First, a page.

Of all the noteworthy work that actor Simon Pegg has done during his career, Nandor Fodor and the Talking Mongoose, written and directed by Adam Sigal, is unlikely to be recognised as one of his greatest films. However, it may be one of his oddest, albeit not in the way one might expect. Even with an interesting title that suggests far more craziness, it is an oddly straight-faced period piece with no dominating vision on a technical or thematic level.
Instead, it feels like it was thrown together on the spur of the moment, lacking the whimsy or awe required to pull it off. The ensemble is amusing enough, and the rural setting provides an appropriate background for the unusual plot to unfold. It just never connects the dots, showing that the most paranormal force haunting the whole thing is the ghost of a better picture.
This all starts with the titular Dr. Nandor Fodor (Pegg), who is said to be the world’s finest parapsychologist (meaning he investigates otherworldly phenomena) in the 1930s. He is sceptical of most instances that come his way until something fresh complicates matters. We are quickly pushed into a specific inquiry that is one of the most unusual ones he has ever had to take on, drawing fairly loosely on the real historical figure’s work, which is more intriguing to read up on than this irregular interpretation of it. It is the story of Gef, a talking Mongoose who lives in a secluded section of the Isle of Main.
The animal is thought by locals to have information that he will impart with them, and is humorously voiced by Neil Gaiman, one of the more innovative creative decisions in the mainly empty experience. Dr. Fodor and his ever-patient assistant Anne, played by Minnie Driver, then set out to discover what is going on in this little corner of the universe. The adventure they go on in search of information, while playfully funny, is ultimately forgettable, without the acquired appeal required to compensate for its chronic lack of content.
It all feels like a fool’s errand, much like the inquiry Dr. Fodor is doing. Everything it appears to be delving further into, whether in its funny tone or thematic themes surrounding faith, never comes to life with enough zeal to leave an impression. While quite different in virtually every way, the picture that seemed to be ringing about while I was watching this one was last year’s The Wonder, starring Florence Pugh, in which she led what was frequently a very magnificent examination into profound and fundamental concerns about believing itself.
Despite the fact that the historical period, overall tone, and circumstances of its narrative are drastically different, Nandor Fodor and the Talking Mongoose appear to be a satire of that. In a more abstract way, that is how it may seem. In terms of execution, it is just half-heartedly interested in leaning into gags and makes no complete attempt at creative deconstructions of paranormal cinema cliches.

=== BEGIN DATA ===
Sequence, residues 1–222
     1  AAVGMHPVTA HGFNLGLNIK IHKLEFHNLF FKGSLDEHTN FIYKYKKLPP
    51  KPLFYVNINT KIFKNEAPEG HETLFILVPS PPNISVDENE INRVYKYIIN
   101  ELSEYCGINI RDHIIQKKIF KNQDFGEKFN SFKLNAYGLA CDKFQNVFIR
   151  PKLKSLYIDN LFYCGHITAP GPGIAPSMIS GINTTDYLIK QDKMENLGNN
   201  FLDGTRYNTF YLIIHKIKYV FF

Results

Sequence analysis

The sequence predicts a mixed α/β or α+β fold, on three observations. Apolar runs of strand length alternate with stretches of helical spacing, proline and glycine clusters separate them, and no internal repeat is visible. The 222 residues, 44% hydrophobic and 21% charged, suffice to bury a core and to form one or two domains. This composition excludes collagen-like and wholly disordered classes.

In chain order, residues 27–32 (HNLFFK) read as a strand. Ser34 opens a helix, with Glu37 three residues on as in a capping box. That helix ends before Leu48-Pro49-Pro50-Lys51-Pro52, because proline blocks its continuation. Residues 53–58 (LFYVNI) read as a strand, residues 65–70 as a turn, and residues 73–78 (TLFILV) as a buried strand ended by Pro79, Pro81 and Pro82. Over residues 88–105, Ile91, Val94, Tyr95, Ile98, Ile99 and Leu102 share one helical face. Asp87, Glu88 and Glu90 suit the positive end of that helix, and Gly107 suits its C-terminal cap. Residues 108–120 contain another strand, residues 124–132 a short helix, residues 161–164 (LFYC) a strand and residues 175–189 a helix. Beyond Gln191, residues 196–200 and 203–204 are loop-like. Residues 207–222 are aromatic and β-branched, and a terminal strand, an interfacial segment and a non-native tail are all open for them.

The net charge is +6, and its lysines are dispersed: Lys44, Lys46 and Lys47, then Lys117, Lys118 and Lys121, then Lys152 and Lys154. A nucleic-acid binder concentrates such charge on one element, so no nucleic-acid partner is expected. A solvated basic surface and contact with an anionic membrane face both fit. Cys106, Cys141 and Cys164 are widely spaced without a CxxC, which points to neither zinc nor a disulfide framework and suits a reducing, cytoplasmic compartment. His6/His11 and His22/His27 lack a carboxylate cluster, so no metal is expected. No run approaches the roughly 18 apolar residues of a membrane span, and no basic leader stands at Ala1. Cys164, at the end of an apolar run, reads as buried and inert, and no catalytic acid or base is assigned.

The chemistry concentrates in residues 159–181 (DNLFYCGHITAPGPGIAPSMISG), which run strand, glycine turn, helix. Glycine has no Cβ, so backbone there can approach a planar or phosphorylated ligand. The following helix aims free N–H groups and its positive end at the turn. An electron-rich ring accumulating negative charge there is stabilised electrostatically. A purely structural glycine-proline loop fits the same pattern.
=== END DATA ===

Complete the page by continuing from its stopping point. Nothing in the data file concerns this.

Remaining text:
The more it goes on, the more it pours on a genuine but surface sappiness that is never given the attention it needs to take root. It’s a picture that you want to cheer for, but it doesn’t provide you anything to do so. While there are many films that can survive on largely decent feelings, this is not one of them. It is never interesting or compelling enough to elevate the haphazard tale to the level of a unified humorous vision.
Even in the first scene, where we get a slew of exposition via flashback narration from Dr. Harry Price, another investigator who looked into the case, there is a sense that it has hit a limit in terms of what it might achieve with this subject. Though it’s good that this is done by Christopher Lloyd, whose brief cameos bookend the picture, the material with which he and the rest of the ensemble are working is too transitory.
One may argue that this is the goal and that if you look closely, you can find a more introspective piece of narrative wrapped up in this mostly void set of events. While it’s an intriguing read, it’s all stuck in a theoretical vision of what the film may have been rather than the one we got. For all the ways it may extend into unexpected locations in an attempt to undermine where we believe it is heading, none of them are very compelling.
The biggest surprise comes in the last seconds when it makes one more desperate attempt for more through a painfully hurried monologue and sequence of scenes. As it pounds home its point, it feels more like a shrug than the show-stopping ending it appears to be. It never cuts deeper than the skin, since we only see the bare bones of a film rather than one with true flesh and blood that moves. For all the ways the film is about belief and accepting the ambiguity of what we don’t know about the world, it has no clue how to encourage you to believe in any of it.